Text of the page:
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First Aid for Burns

Posted Aug 24 2008 1:49pm
ANNOUNCER: Burns! They're a fact of life, and one of the most common accidents around the house. But how you treat them depends upon how seriously the skin is damaged.

SCOTT CARUTHERS, FIRST AID EXPERT : So we can clearly see the difference between the first- and second-degree burn here in that the second-degree burn is blistering and has broken the skin. Whereas the first-degree burn was just tender and swollen, but there'll be no break in the integrity or the surface of the skin. The third-degree burns will be clearly different because there will be holes or chunks missing. Tissue has actually been destroyed

ANNOUNCER: While a third degree burn calls for emergency medical treatment, many first and second degree burns can be treated at home. The first step for both is running cool water over them for several minutes.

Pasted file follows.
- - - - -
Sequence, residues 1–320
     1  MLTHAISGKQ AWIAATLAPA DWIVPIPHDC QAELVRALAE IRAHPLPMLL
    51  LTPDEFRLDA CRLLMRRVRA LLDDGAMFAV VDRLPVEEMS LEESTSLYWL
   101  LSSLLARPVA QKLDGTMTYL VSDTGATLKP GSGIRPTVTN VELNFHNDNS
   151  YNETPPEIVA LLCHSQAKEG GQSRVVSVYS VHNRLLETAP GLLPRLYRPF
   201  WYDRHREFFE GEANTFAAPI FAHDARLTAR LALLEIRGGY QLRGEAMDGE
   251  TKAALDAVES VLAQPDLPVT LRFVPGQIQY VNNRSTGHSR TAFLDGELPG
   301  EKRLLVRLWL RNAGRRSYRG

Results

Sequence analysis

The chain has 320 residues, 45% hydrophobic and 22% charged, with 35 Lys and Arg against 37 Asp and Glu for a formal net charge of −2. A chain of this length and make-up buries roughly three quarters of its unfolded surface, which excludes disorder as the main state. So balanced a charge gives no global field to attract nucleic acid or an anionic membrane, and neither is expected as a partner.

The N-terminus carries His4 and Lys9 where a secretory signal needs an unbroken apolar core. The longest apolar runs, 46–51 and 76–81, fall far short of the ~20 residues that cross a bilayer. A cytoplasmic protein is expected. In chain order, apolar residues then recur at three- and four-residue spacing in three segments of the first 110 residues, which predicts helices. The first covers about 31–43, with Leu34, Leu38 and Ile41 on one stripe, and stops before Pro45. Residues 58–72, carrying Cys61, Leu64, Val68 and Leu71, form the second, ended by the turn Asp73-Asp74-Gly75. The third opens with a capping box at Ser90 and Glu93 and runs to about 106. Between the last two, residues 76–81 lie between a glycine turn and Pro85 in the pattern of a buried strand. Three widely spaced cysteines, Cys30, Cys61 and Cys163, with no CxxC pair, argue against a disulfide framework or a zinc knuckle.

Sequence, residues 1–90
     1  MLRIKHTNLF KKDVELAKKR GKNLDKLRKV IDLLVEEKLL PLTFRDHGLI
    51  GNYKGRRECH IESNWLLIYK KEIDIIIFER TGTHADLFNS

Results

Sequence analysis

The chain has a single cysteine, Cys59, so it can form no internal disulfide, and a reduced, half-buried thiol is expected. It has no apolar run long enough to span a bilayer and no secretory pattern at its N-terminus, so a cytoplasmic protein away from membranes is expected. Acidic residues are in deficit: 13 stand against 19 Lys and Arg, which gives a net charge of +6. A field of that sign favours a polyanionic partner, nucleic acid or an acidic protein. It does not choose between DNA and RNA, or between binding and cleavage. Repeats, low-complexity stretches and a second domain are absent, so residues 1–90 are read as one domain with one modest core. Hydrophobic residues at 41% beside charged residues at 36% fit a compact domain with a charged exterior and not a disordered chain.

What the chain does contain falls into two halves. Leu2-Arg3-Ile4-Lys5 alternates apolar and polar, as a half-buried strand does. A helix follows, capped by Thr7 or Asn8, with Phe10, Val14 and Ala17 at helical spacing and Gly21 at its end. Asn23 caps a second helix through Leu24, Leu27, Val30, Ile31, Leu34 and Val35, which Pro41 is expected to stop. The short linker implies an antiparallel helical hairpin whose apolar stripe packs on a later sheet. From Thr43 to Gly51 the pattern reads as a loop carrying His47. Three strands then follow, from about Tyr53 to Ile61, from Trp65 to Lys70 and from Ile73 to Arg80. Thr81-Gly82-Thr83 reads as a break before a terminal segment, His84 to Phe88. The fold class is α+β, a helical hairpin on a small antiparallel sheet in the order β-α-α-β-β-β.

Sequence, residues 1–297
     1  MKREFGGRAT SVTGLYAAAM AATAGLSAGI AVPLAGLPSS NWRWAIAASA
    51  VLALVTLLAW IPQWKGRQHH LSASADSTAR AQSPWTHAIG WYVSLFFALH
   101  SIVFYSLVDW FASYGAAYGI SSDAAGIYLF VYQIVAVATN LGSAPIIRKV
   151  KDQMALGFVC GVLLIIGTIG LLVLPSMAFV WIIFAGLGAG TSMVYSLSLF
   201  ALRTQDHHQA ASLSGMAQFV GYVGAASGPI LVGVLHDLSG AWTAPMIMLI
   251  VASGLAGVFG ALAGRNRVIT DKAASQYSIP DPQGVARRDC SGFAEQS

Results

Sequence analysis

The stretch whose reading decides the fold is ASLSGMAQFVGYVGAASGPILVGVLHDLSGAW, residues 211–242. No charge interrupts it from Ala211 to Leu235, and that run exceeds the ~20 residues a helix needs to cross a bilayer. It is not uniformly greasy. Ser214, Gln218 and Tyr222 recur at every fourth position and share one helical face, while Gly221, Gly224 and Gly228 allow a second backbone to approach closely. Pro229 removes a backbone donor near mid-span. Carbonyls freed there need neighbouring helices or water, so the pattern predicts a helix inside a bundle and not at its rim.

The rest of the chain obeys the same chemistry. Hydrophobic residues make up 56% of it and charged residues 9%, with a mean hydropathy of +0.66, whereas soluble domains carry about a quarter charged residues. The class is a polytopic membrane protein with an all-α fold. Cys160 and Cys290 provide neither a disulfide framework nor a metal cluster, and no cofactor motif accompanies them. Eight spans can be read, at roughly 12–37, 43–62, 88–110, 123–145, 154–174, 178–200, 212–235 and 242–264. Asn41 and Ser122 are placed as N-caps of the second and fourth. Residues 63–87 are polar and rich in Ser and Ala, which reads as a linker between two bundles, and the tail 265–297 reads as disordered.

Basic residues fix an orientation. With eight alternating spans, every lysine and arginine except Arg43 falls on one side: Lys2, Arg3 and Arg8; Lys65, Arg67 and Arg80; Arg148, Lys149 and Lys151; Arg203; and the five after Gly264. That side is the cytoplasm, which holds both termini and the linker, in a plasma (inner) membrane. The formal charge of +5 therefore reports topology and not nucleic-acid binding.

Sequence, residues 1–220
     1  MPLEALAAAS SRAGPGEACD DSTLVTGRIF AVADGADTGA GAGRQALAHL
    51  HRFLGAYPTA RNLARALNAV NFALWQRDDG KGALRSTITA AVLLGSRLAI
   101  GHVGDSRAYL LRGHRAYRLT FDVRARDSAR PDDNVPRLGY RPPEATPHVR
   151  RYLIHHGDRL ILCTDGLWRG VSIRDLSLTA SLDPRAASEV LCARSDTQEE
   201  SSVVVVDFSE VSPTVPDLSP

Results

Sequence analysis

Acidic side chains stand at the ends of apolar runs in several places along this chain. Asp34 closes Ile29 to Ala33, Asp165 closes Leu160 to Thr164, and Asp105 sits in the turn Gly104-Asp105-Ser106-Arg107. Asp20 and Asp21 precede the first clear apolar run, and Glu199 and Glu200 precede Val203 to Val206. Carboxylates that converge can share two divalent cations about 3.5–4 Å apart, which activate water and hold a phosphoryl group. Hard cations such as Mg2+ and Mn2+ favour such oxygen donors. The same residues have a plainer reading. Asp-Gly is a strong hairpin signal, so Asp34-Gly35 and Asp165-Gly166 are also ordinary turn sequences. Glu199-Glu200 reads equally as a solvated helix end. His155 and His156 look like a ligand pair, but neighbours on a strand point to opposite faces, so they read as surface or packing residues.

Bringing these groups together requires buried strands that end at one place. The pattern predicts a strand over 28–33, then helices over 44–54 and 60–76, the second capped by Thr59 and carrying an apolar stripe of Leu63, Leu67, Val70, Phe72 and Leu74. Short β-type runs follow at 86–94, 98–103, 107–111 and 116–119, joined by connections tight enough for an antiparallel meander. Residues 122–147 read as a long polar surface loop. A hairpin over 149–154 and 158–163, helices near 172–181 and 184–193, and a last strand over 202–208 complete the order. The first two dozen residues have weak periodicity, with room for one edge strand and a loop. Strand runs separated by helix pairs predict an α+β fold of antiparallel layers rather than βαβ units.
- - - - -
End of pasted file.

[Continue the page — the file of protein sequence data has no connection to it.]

SCOTT CARUTHERS, FIRST AID EXPERT : That's going to do two things. First of all, it's going to clean the wound, as I said, and it's also going to reduce the pain and swelling that the patient is feeling.

ANNOUNCER: Water is enough for most first-degree burns. But second-degree burns need protection.

SCOTT CARUTHERS, FIRST AID EXPERT : Whenever the skin is broken, that allows for contaminants or bacteria to enter, so we're going to cover the wound with a dry sterile bandage to prevent any bacteria or contaminants from entering into the wound and beginning the infection process.

ANNOUNCER: Breaking the blister is a no-no.

SCOTT CARUTHERS, FIRST AID EXPERT : The blisters are much like workforces sent by the body to accomplish the repairing of the skin or the damaged tissue that has been affected by the burn or the wound. So breaking them would be counterproductive to what the body is attempting to do.

ANNOUNCER: Even with first and second-degree burns, there are times you want to see a doctor.

SCOTT CARUTHERS, FIRST AID EXPERT : If a burn is larger than two or three inches in diameter, then you probably want to see a doctor, because that seems pretty severe. And if it's on certain parts of the body that are used more frequently like the inside of your hand, your fingers, your elbows, any sort of joints which are going to have a constant and repetitive motion.

ANNOUNCER: Following these steps can keep minor accidents from turning into major problems. Thanks for joining us on today's Once Daily.

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